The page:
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Noting that the traditional enclosed shopping mall concept has dwindled within American Culture, we have seen the rapid rise of lifestyle centers modeled around the “Town Center” concept. Aside from various fake streetscapes and generally navigable streets within the complexes, these centers will continue to ravage the urban fabric of our cities in a fashion similar to that of the mall. The “Town Center” concept has taken off over the recent years and is designed with automotive access and developer’s pockets in mind. The recently approved Davie Commons retail and office center is no different. Sprawling out over 150 acres, this complex will certainly do little to centralize Davie and will only compound the traffic problems in the whole South Florida region. If fully approved by the city commission, this will signal a complete reversal of general urban planning principles, placing yet another massive development on the western fringes of the county’s sprawl, abutting the Everglades. Broward County traffic will be further disrupted by reverse commutes for people working in the 800,000+ square feet of office space or the Million+ square feet of retail.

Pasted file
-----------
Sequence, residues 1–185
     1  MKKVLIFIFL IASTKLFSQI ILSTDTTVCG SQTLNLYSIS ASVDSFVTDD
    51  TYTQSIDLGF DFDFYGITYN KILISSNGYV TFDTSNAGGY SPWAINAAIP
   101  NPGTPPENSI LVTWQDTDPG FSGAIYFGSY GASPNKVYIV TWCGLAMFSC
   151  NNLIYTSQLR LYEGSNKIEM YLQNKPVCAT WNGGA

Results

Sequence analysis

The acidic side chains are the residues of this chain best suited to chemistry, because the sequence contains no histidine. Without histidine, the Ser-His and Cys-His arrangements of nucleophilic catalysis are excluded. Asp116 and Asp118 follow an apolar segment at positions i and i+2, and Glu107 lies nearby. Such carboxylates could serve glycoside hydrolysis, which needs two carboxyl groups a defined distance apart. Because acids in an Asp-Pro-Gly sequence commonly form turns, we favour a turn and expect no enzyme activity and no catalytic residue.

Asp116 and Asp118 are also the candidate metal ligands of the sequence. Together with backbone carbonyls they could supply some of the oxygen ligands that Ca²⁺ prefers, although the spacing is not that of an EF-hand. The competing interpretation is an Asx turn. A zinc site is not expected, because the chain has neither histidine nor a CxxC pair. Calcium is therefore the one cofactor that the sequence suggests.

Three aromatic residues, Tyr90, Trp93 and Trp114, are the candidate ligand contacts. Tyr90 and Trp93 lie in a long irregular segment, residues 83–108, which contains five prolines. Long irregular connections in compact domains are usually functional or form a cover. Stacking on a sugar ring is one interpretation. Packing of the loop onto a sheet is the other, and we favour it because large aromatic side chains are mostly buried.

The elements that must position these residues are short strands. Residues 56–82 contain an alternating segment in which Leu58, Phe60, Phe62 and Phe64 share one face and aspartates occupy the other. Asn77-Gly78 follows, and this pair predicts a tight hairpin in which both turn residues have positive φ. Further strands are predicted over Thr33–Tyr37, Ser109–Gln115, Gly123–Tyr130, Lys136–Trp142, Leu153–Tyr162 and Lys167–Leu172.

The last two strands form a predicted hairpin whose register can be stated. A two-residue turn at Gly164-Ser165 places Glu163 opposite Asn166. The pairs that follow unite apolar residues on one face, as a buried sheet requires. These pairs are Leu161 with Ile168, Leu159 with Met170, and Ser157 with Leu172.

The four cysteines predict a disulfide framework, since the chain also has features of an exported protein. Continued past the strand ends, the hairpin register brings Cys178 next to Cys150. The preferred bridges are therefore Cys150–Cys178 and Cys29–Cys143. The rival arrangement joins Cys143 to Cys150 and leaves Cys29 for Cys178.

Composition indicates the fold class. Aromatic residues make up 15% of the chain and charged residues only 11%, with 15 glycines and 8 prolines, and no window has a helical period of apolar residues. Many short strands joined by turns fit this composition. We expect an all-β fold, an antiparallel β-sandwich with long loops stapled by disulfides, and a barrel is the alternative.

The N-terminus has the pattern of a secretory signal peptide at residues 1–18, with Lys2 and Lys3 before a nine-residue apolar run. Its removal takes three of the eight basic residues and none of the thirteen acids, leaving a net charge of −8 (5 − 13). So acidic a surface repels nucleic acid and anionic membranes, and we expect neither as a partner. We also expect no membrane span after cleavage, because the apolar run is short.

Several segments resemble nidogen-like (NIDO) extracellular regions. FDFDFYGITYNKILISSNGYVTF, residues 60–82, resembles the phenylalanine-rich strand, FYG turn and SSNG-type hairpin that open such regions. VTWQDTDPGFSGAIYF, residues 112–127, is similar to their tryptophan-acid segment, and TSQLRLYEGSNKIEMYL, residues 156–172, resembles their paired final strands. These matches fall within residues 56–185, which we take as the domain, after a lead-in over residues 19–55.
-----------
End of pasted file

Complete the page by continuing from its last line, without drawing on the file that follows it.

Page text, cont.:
Developers downplayed the potential traffic impact, claiming it would add fewer cars to local roads than a new housing subdivision.

The Davie city commission swallowed this load of crap, recently giving the project an initial first round approval, despite widespread opposition from the community. The complex will continue to exemplify the type of construction we need to stop in our region. Suburban office complexes and expansive shopping centers which are only accessible by vehicle in the western parts of the county equate to an ecological, immoral, and urban planning catastrophe for the whole region. The city commission is likely clouded by the massive tax benefit the city would reap:

In exchange for the town’s approval, developers will ask that the agricultural exemption on the 152-acre property be lifted beginning in 2008. The change would increase the taxable value of the land from less than $100,000 to about $20.1 million, creating a windfall for the town, Siegel said.

In addition, if the land-use change receives final town approval, developers have agreed to pay $3.5 million per year to guarantee that Davie receives the amount of revenue the project is estimated to generate.

Join the Opposition!

More Pictures:

Main Street! Main to what, the Everglades? (Wow, they got people to walk…)

The Bustling urban Town Fountain (Look at the water flow…)

Mosquito Park

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New Miami-Key West Ferry Service